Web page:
A path to Brexit: Britain's last three elections

A path to Brexit: Britain's last three elections

LONDON (AFP) - The general election on Thursday in Britain is the third in less than five years and has been described by Prime Minister Boris Johnson as the most important in a generation.

This comes after nine years of the Conservative government during which the issue of Europe has become increasingly dominated.

2010: Hung Parliament, Coalition

Result: Conservative (306 seats) and Liberal Democrats (57 seats) alliance

Prime Minister: David Cameron

Laban's Gordon Brown took over from Tony Blair as Prime Minister in 2007, shortly before the global financial crisis hit.

The support of the center-left party as a voter was transformed into the Lib Dems, the focal point of Cameron's conservatives and Nick Clegg.

The campaign saw the debate of Britain's first television leaders: three head-to-head between three main party leaders. Clegg's performance for the first time saw the Lib Dems' ratings rise in the brief outbreak of "Clegg-Mania".

Britain's first-past post system means that hung Sanskrit are rare. It was only the second after World War II.

Cameron immediately approached the Lib Dums. Brown stayed in office during coalition talks in hopes of persuading Clegg to join Labor, which lasted five days.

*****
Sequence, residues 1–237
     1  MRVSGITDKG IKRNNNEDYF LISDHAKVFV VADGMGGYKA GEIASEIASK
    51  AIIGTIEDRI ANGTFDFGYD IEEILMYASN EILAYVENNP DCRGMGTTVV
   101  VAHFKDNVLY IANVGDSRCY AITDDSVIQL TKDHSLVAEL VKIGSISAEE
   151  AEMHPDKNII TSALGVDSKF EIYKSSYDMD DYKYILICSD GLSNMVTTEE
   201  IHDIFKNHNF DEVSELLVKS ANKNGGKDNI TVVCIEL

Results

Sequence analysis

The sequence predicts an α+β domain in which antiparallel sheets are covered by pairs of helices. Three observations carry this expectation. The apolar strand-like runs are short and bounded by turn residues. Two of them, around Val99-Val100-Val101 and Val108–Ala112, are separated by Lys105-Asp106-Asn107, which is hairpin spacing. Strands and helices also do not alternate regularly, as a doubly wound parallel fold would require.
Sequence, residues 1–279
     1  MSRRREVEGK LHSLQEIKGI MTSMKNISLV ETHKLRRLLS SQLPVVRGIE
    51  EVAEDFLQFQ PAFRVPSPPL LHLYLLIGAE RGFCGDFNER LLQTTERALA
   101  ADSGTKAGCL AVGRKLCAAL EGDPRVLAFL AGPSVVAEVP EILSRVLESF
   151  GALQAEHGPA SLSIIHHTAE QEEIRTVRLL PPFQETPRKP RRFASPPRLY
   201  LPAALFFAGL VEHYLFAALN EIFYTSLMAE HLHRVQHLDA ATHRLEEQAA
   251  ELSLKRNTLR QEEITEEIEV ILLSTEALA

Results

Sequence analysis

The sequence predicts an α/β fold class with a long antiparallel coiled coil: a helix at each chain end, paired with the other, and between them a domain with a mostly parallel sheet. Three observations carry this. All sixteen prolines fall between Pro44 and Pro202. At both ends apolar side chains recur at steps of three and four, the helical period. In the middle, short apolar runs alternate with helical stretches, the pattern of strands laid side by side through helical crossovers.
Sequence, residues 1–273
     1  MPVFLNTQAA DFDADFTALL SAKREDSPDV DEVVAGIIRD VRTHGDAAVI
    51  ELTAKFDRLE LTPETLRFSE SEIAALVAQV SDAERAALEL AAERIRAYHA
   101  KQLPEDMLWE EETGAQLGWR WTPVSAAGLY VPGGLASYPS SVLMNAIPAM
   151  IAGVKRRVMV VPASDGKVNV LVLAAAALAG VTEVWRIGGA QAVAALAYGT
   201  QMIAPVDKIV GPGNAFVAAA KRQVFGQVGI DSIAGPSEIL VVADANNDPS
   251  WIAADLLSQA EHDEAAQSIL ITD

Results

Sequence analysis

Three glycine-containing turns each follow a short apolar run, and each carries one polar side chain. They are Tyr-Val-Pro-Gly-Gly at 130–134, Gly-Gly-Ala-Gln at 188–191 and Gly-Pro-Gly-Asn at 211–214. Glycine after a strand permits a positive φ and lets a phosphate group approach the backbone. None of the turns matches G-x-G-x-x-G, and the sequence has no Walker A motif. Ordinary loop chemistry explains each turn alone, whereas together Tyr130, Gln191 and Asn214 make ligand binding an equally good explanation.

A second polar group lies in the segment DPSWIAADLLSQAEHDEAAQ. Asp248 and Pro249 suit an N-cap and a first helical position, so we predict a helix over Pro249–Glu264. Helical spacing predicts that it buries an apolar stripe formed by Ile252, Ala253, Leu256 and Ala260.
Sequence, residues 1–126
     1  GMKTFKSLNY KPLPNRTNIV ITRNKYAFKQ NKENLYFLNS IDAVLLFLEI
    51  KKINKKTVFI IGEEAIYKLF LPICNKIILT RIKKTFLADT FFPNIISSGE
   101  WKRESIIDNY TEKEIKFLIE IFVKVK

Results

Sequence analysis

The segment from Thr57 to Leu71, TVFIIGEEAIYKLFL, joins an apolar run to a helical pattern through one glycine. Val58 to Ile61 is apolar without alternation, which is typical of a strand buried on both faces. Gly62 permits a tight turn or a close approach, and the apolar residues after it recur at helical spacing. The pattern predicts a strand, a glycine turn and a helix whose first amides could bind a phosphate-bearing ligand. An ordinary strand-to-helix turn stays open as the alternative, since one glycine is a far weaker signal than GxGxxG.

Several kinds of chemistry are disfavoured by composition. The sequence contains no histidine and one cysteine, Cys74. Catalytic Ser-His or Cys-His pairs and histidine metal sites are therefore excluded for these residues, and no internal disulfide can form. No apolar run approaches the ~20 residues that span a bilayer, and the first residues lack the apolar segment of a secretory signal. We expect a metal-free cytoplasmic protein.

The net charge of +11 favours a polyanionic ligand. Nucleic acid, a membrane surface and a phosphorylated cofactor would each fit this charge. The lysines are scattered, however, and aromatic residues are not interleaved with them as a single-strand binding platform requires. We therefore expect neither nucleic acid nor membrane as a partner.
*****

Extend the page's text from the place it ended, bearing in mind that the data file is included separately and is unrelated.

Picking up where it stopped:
2015: Cameron's surprise win

Result: Conservative majority (330 seats)

Prime Minister: David Cameron

Cameron defied the expectations of another hung parliament and won a slow victory, largely at the expense of his coalition partners.

The Lib Dems gave their worst result since its formation in 1988, with just eight from 49 seats, while the Scottish National Party (SNP) won 56 out of 50 seats on the board in Scotland.

Labor saw an increase in his vote share under Ed Miliband, but the party lost seats.

Eurosceptics UKIP garnered 12.6 per cent of the vote.

The outright conservative victory meant that Cameron could enforce his pledge to hold a referendum on Britain's membership of the European Union.

2017: May gambling backfire

Result: Conservative minority (317 seats)

Prime Minister: Theresa May

He took over from Cameron after the May 2016 European Union referendum, which saw 52 percent of the vote in favor of leaving the EU.

Fear of a small majority may not be enough to achieve Brexit, and a huge pole is trying to capitalize on the lead, he said, snap election.

However, the campaign backfired as a wooden display on the trail, as well as the enthusiastic rallies of Labor leader Jeremy Corbyn, saw him lose his majority.

She was forced to rely on a slim majority for the support of Democratic Unions of Northern Ireland (DUP).

Voters won 42 percent and Labor won 40 percent as voters returned to the main parties.

May's authority was never withdrawn after he stepped down in July 2019 and was taken over by Boris Johnson.

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